Distributed ledgers have been around for over 2,000 years. The Roman Empire relied on them to support its advanced banking system from Syria to Scotland. But the way in which transactions are managed and controlled has now changed beyond all recognition, even to the most forward thinking Cives Romani.
Blockchain, a decentralised ‘digital ledger’, best known for its role in cryptocurrencies, is driving this change. The technology does away with the traditional model of using trusted third parties to oversee transactions. Instead it uses a peer-to-peer network of distributed computers to verify the process with a ‘block’ of data that also holds the answer to a complex mathematical problem that can only be solved by a powerful computer.
While Bitcoin, Ethereum and other digital currencies are the main uses for Blockchain, there are many other potential applications that can benefit from the security and transparency it offers. Cisco Systems and Bosch, for example, are exploring how Blockchain can be used for Internet of Things (IoT) applications to protect everyday objects, securely tracking how they are manufactured, moved or maintained.
Bosch is currently working with German certification authority TÜV Rheinland to put an end to odometer fraud in cars by creating a ‘digital logbook’. With the Blockchain system cars would routinely transmit their odometer readings to a network of computers, allowing buyers to see verified mileage, instead of relying solely on the in-vehicle display.
Research is also being done into how Blockchain could make the management and distribution of electronic medical records more secure. The developmental MedRec system, for example, is designed to give patients and doctors a comprehensive, real time view of medical records and also control who is allowed to view and change information. Everything is managed and tracked through a private Ethereum network.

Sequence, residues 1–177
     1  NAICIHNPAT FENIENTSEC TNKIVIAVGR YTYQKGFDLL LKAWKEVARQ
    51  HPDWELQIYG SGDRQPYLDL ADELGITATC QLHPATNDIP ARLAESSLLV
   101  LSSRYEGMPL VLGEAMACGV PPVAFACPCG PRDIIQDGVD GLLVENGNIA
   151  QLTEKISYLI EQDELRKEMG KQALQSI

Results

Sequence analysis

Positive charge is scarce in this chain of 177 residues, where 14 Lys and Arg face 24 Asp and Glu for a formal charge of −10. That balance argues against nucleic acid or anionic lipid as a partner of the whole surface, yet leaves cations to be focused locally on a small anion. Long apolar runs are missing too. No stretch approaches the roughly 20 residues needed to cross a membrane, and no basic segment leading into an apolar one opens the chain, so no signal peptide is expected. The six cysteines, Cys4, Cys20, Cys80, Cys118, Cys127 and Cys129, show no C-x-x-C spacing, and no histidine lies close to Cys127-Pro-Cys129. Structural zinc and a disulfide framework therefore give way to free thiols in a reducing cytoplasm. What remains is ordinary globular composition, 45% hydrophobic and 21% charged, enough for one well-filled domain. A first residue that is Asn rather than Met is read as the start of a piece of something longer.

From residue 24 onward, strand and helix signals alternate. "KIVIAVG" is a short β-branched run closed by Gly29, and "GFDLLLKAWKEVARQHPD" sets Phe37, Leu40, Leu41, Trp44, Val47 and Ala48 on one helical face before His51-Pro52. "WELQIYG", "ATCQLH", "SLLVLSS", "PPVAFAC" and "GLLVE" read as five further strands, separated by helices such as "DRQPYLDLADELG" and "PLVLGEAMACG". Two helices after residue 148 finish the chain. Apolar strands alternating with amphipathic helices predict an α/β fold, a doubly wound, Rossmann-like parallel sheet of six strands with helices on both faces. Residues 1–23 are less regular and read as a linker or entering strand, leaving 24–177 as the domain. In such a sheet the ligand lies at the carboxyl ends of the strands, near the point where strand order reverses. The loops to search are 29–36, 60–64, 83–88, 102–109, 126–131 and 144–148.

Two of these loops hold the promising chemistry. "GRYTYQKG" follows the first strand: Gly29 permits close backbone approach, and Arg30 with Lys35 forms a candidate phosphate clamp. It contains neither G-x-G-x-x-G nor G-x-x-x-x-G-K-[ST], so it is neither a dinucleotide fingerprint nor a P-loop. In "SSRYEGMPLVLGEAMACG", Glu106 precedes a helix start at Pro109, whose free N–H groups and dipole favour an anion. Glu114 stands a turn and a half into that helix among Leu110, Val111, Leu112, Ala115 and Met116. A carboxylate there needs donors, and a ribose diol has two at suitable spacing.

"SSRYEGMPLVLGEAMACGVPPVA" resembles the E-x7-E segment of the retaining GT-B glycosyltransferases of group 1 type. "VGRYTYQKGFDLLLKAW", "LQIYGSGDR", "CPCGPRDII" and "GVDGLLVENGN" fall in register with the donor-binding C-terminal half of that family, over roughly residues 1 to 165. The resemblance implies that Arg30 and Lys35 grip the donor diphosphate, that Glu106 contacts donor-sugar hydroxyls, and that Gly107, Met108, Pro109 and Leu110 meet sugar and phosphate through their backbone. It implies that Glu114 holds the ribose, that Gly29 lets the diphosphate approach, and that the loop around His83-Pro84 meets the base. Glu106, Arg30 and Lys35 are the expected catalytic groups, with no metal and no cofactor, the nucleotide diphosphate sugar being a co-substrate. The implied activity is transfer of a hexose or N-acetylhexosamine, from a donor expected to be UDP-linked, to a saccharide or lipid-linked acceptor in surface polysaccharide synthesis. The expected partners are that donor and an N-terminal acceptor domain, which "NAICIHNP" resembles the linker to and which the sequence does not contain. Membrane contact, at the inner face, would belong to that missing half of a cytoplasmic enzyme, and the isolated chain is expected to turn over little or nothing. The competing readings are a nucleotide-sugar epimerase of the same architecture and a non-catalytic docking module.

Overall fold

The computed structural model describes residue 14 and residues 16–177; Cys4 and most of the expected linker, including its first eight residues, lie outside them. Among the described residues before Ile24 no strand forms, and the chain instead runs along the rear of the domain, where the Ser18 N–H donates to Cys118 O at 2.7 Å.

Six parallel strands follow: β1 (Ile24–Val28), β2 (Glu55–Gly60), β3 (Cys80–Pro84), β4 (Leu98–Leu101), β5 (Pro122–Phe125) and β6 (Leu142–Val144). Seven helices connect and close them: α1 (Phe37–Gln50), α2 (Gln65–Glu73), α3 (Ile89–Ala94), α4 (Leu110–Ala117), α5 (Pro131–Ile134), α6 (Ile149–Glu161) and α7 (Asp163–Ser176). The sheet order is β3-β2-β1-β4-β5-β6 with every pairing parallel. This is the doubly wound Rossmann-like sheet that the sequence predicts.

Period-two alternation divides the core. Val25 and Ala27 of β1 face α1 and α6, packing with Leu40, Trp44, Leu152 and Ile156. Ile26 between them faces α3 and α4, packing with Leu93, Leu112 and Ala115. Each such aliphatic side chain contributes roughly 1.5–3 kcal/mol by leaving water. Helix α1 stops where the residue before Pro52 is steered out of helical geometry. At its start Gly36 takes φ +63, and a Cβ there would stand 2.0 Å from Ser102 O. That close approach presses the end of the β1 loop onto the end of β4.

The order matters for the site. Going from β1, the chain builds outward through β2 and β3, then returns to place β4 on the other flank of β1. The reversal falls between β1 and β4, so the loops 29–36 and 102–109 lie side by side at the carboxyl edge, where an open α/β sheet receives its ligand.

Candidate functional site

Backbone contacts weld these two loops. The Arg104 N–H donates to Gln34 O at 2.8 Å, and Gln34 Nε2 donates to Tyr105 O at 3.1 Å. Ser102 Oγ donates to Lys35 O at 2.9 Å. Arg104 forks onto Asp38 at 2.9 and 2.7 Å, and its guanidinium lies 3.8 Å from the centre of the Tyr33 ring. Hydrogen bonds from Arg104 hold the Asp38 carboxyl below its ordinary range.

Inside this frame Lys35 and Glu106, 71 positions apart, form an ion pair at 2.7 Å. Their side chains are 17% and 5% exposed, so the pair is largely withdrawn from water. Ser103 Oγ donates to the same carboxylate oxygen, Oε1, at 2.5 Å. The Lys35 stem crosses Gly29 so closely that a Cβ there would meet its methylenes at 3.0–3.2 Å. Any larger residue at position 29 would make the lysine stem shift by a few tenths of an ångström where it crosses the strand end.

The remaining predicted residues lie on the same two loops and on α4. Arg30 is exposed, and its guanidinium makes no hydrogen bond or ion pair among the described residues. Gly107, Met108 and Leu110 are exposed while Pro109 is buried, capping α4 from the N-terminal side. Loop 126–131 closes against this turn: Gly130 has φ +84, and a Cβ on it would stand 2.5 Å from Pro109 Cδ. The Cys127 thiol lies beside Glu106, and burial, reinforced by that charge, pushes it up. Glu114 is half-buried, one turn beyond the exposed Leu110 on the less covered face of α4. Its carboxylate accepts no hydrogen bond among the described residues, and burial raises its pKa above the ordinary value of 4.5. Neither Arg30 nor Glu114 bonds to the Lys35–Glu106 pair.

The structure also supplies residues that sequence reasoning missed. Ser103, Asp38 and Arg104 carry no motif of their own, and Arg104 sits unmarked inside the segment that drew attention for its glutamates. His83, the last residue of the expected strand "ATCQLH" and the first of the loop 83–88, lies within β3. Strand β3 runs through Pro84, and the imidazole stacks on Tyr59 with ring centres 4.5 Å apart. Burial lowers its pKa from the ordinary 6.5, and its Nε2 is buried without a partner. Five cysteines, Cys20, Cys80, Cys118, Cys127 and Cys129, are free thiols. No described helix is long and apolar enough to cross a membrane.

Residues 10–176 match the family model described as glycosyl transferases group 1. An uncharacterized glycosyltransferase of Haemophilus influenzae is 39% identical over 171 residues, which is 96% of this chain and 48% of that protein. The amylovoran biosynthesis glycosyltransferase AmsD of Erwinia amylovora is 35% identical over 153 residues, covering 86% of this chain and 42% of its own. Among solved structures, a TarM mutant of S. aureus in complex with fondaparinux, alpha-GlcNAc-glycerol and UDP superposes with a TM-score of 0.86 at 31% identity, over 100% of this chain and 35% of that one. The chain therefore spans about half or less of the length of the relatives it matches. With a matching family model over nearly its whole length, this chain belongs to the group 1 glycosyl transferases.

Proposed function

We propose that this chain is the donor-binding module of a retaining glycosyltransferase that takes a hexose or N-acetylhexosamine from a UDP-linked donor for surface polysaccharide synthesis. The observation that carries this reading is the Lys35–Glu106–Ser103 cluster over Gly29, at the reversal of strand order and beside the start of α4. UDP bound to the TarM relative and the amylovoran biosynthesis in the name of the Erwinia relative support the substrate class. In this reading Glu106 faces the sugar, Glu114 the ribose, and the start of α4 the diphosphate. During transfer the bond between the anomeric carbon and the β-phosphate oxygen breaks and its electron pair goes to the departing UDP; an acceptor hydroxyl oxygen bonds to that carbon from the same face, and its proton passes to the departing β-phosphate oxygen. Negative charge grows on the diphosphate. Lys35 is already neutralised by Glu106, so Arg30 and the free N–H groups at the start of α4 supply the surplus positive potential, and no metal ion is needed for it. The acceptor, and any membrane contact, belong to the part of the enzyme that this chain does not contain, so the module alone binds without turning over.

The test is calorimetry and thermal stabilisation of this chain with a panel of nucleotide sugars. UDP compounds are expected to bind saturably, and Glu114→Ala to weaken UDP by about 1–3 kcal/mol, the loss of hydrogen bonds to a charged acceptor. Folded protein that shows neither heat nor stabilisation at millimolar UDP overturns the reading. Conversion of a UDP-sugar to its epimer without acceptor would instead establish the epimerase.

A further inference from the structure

Other potential applications for Blockchain include verified voting in elections, maintaining property records, and so-called smart contracts to provide automated accountability. The process of verifying and adding transactions to the Blockchain is commonly referred to as mining and requires a huge amount of processing power. The mathematical problems are immense and often benefit from the highly parallel architecture of Graphics Processing Units (GPUs), better known as graphics cards.
At Fujitsu, our expert engineers have used their knowledge of high density computing to develop a workstation specifically designed for Blockchain mining on private or public networks. The CELSIUS R940power – Mining Edition can crunch through complex calculations thanks to seven powerful GPUs (five Nvidia Quadro P4000 (8GB) and two Nvidia Quadro P2000 (5GB), which have been manufactured specifically to handle extreme workloads.
And thanks to Nvidia’s highly efficient Pascal architecture and our expertise at cooling 675W of GPU hardware, that’s a phenomenal 32.5 TFLOPs of processing in a single desktop machine, which is something we are obviously very proud of.